Algeria’s fixed-line penetration rate was in decline for a number of years before the trend was reversed in 2015. This recovery is likely to continue to the end of the decade as infrastructure is extended to hitherto underserved areas. The country’s relatively well-developed infrastructure includes a national fibre backbone which is being augmented with a new subsea link to Europe. The market has begun to recover from the social and political unrest which erupted in 2011. Investor confidence has been revived by recent moves from the government to sell a stake in the country’s leading mobile operator, Mobilis. The Regulatory Authority of Post and Telecommunications (ARPT) regulates the post, broadcasting, and telecommunications in Algeria.
Algeria’s economy remains dominated by the state, a legacy of the country’s socialist postindependence development model. In recent years the Algerian Government has halted the privatization of state-owned industries and imposed restrictions on imports and foreign involvement in its economy.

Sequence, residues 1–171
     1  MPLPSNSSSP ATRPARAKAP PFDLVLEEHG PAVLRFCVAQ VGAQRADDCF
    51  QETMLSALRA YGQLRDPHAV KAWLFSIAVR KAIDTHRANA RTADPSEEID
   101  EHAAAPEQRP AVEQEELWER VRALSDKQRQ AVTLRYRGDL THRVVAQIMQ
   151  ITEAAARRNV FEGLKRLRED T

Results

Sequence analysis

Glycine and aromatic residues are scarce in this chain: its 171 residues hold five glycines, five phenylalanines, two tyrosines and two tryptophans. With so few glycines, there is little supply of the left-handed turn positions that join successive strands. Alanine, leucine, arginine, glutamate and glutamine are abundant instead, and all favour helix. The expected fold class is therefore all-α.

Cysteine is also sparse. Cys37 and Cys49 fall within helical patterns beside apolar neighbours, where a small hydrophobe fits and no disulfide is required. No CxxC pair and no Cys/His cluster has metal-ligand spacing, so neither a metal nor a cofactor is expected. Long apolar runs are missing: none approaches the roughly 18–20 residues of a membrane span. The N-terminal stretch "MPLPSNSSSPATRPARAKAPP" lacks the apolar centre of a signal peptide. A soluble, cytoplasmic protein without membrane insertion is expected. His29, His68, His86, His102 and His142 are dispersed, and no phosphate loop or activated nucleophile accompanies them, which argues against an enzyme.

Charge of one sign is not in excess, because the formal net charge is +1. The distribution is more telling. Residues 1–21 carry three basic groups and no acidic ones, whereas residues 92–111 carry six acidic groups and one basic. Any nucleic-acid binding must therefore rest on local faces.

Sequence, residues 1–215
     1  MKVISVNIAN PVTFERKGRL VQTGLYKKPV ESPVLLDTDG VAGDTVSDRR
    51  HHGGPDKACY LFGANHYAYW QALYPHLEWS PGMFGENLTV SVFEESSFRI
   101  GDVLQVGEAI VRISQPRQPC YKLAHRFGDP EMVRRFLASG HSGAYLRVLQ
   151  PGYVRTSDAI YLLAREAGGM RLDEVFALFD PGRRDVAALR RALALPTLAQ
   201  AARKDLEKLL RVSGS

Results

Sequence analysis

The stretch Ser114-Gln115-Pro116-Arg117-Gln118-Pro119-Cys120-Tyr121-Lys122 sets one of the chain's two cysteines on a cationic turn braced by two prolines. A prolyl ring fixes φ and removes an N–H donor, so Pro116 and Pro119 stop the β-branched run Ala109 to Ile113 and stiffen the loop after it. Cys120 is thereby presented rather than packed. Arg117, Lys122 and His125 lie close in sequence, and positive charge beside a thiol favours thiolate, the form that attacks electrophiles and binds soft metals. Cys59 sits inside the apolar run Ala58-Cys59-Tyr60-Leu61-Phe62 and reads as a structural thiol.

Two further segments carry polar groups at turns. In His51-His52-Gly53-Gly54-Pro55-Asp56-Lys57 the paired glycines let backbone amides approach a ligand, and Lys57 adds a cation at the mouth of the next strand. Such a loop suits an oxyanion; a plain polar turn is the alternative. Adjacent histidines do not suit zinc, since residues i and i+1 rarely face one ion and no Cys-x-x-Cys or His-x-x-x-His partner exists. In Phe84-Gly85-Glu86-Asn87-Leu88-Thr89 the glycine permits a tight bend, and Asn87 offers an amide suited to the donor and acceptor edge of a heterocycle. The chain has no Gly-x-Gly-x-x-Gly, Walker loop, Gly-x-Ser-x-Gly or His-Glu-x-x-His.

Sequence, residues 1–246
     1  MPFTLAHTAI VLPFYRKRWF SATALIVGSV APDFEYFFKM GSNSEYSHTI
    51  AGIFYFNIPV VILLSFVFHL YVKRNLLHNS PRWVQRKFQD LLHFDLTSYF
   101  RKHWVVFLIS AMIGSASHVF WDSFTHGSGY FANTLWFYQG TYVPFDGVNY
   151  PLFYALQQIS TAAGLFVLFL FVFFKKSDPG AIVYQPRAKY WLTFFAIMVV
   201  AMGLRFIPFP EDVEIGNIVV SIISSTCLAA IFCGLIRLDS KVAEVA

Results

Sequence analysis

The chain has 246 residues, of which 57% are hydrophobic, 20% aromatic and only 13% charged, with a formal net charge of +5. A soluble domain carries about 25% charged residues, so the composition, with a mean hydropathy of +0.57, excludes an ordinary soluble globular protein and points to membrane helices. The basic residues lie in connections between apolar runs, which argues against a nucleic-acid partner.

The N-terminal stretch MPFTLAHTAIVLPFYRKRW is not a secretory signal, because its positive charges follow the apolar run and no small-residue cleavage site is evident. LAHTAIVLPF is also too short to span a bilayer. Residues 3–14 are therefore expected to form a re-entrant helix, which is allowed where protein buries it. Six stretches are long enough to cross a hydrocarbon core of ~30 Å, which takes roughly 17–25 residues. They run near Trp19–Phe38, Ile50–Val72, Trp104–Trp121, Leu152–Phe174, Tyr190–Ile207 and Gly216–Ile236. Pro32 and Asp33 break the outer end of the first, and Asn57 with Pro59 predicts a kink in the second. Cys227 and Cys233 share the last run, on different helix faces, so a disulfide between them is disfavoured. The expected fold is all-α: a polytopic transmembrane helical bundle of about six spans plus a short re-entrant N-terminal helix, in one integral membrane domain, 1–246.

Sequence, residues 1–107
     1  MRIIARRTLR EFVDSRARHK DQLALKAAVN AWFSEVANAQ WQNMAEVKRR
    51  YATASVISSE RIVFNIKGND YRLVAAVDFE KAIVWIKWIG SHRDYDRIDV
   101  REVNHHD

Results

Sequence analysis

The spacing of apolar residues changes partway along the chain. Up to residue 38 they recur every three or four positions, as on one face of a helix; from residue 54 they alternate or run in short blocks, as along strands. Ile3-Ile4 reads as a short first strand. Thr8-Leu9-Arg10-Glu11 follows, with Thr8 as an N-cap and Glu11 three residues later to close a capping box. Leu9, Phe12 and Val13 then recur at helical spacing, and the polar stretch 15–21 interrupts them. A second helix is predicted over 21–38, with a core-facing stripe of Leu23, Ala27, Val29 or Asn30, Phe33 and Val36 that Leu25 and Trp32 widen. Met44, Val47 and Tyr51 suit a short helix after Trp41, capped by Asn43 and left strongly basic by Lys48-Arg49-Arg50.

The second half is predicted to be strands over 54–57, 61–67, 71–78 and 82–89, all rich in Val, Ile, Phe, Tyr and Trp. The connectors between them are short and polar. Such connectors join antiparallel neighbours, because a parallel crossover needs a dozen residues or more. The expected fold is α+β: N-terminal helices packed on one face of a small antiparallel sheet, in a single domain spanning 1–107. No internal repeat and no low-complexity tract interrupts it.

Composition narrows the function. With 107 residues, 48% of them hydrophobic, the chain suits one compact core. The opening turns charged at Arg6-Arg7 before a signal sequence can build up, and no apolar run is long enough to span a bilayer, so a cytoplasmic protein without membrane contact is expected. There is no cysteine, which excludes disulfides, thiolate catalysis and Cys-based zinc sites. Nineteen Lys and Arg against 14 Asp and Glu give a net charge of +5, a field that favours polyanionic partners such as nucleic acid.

The government’s efforts have done little to reduce high youth unemployment rates or to address housing shortages. Since late 2014, declining oil prices forced the government to spend down its reserves at a high rate in order to sustain social spending on salaries and subsidies, particularly since the government has been unable to boost exports of hydrocarbons or significantly grow its nonoil sector. In 2015, the Algerian Government imposed further restrictions on imports in an effort to reduce withdrawals from its foreign exchange reserves. Long-term economic challenges include diversifying the economy away from its reliance on hydrocarbon exports, bolstering the private sector, attracting foreign investment, and providing adequate jobs for younger Algerians.